October 19, 2021 @ 4:55 pm | Filed under: Books
We finished The Whisper of Glocken last week and I’m in mourning—no more Carol Kendall books to read aloud. We did The Firelings, The Gammage Cup, and Whisper all in a row, and that’s it. Kendall did write four more books (as far as I can tell)—three for kids and an adult mystery‚ but I’ve never been able to track them down anywhere. ONE DAY. She’s got to be in my top five authors. A magical way with words, characters with flaws and foibles, and utterly unique worldbuilding and plotlines. And funny!
The only antidote for my Carol Kendall withdrawal: Moomins, of course. And here we are sliding toward the end of October, the perfect time to begin Moominvalley in November. I wouldn’t say I usually identify with the Fillyjonk, but today I was really feeling her:
“She began to feel cold because of the rain, and because she had tumbled all the way through her life in a single second, and she decided to make herself a cup of coffee. but she when opened the cupboard in the kitchen, she saw for the first time that she had far too much china. Such an awful lot of coffee cups. Far too many serving dishes and roasting dishes, and stacks of plates, hundreds of things to eat from and eat on, and only one Fillyjonk. And who would have them all when she died?”
Substitute books and pens for the dishes, and that’s my house. Hundreds of things to read and write, and only one me. ::heavy autumnal sigh::
Snufkin is my favorite, of course. He set off for the wilds in early fall, and now, a few weeks in, he’s feeling like he wants to write songs. He’s listening and waiting, knowing the melody is somewhere in Moominvalley waiting for him to find it.
“There are millions of tunes that are easy to find and there will always be new ones. But Snufkin let them alone, they were summer songs which would do for just anybody. He crept into his tent and into his sleeping bag and pulled it over his head. The faint whisper of rain and running water was still there and it had the same tender note of solitude and perfection. But what did rain mean to him as long as he couldn’t write a song about it?”
May 26, 2010 @ 6:30 am | Filed under: Books
Attempting to catch up on notes about things I’ve recently read and enjoyed…
Of all the curiosities that had been pitched out of Fooley’s balloon, the painting was the only one to fall into the Watercress River. When it had been fished out, nobody knew what it was, but fortunately Fooley had listed in his book the names of the curiosities, and when everthing else was checked off—like the family tree, the poem, the hourglass—it was obvious that the remaining item was a painting. The bath in the Watercress had done it no good. Though the colors of the squares, triangles, circles, and shields were clear enough, and the interconnecting black lines intact, the piece of parchment looked as though inky fingers had daubed it. But daubs or no daubs, the Periods (and therefore the ordinary villagers) adopted the painting for their own. Ever since Fooley’s time, a painting was a pattern of colored shaped connected by black lines, following the classical example.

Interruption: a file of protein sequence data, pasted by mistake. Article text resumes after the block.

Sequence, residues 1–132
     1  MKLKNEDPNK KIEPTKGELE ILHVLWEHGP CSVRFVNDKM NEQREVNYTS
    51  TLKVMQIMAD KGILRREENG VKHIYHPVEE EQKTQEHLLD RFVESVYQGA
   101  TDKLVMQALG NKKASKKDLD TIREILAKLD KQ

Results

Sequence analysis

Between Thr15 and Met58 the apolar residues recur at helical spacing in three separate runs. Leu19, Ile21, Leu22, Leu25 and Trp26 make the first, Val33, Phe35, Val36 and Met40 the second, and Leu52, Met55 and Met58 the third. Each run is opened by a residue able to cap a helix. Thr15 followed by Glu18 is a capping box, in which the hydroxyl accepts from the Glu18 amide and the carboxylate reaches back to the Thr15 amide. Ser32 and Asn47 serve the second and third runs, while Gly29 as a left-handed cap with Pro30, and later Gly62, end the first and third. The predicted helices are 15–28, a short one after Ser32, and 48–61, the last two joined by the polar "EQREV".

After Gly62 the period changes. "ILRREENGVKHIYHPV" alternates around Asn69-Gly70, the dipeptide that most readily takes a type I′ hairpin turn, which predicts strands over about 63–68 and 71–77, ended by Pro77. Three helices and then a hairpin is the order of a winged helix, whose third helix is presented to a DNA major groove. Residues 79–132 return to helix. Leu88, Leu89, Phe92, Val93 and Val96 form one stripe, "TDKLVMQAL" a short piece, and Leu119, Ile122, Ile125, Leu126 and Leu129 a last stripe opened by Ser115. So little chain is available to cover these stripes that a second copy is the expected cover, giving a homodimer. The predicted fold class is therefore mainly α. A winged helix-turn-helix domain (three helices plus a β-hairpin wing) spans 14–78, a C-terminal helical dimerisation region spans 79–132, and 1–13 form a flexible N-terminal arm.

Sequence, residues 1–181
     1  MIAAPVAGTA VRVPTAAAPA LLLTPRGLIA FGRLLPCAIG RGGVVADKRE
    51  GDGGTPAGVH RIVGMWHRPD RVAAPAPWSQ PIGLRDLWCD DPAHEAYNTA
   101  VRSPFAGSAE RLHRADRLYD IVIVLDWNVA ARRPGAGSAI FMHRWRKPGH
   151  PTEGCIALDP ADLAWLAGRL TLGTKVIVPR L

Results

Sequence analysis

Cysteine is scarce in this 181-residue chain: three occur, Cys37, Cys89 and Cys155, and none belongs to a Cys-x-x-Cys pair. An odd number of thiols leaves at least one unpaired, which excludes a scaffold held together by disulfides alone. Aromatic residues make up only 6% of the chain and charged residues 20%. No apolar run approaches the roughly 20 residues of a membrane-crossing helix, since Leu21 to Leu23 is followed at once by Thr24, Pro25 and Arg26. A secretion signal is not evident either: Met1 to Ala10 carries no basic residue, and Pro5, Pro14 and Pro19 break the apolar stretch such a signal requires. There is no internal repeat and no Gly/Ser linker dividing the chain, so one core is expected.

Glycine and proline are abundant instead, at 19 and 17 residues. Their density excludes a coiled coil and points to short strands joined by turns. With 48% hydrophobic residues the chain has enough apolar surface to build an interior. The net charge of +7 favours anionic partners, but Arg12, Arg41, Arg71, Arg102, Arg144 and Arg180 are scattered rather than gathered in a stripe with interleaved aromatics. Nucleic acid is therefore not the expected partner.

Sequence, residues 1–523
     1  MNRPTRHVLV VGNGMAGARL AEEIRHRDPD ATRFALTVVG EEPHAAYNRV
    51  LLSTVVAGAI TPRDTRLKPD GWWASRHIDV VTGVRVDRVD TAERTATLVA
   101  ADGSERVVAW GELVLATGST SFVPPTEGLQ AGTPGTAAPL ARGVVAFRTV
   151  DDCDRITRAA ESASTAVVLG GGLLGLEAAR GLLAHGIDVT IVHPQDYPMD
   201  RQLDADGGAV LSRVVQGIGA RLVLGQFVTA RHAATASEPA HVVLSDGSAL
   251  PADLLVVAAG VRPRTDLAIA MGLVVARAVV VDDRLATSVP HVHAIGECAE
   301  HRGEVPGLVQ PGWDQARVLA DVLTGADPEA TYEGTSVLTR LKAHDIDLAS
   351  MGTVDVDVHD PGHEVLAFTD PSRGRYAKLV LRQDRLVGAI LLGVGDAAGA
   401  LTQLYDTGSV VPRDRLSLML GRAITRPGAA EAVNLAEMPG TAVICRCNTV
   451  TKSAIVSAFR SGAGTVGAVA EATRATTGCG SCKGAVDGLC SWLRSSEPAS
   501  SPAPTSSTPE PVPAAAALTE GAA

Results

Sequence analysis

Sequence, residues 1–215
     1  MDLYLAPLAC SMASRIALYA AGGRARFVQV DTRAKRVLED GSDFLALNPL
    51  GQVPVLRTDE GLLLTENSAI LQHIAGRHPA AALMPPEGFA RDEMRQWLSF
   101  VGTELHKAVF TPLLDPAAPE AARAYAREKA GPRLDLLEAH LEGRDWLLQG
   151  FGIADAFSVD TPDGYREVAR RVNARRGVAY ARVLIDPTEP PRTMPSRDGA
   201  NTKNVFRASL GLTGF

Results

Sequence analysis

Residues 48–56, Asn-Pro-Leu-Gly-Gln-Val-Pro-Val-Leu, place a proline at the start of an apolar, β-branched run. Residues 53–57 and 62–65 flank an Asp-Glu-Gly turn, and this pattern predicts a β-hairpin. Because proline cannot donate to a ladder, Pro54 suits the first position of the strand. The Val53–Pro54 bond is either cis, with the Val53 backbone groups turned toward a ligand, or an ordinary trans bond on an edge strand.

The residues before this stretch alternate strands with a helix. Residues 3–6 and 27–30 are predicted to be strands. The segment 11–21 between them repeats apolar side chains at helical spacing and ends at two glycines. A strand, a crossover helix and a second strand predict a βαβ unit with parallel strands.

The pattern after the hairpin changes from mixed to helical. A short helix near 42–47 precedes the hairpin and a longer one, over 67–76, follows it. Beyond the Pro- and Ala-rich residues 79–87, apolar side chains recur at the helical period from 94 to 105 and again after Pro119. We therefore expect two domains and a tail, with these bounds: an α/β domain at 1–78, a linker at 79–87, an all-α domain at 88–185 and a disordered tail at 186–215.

The Gammage Cup by Carol Kendall. Kendall is one of those writers whose voice I just plain enjoy. She’s a quirky storyteller with a taste for misfits. This novel is about the Minnipins, a tradition-loving people who live in small villages in an isolated mountain valley. Their distant ancestors settled here after escaping from terrible enemies about whom little is known, now, except their names: The Mushrooms. A few centuries ago, one of the Minnipins journeyed over the mountains and back via hot air balloon. Most of Fooley’s souvenirs—and memories—were scattered when he crash-landed back at home, but the remaining fragments have been carefully enshrined in a village museum and in the customs of his descendants. (You can tell them apart from the rest of the villagers by their names, which are taken from a scrap of paper that survived the crash and is now presumed to be a list of the friends Fooley made on his journey: Ave., Co., Wm., Eng., etc. “The Periods,” as these folk are reverently called, run the village.)
Folks in the village like things to be done just so, and they have little tolerance for eccentrics like Gummy the poet or lively Curley Green, who recklessly paints images of things from real life, in disregard of the proper classical style. (My kids love Kendall’s work, but her character names drive them up a wall.) When Muggles, the reluctant heroine, and her misfit friends begin to suspect the terrible Mushrooms are preparing for another attack, they have to persuade the rest of the villagers that the danger is real. Instead, they get kicked out of the village.
This is a fun read, somewhat formulaic but Kendall’s unusual voice makes the formula feel new. Beneath the storybook action is a quiet exploration of intellectual honesty; the villagers—especially The Periods—tend to do things just because that’s the way they’ve always been done, without pondering the origins of the customs. Muggles, though fearful of the social consequences of coloring outside the lines, can’t help but ask questions.
There’s a sequel, The Whisper of Glocken, which Rose and Jane have beat me to. They enjoyed it.
The cover of the current paperback edition is perfectly dreadful. I tried not to look at it too much.
Here’s my old post about Kendall’s wonderful The Firelings, which also takes a look at the relationship between custom and reason.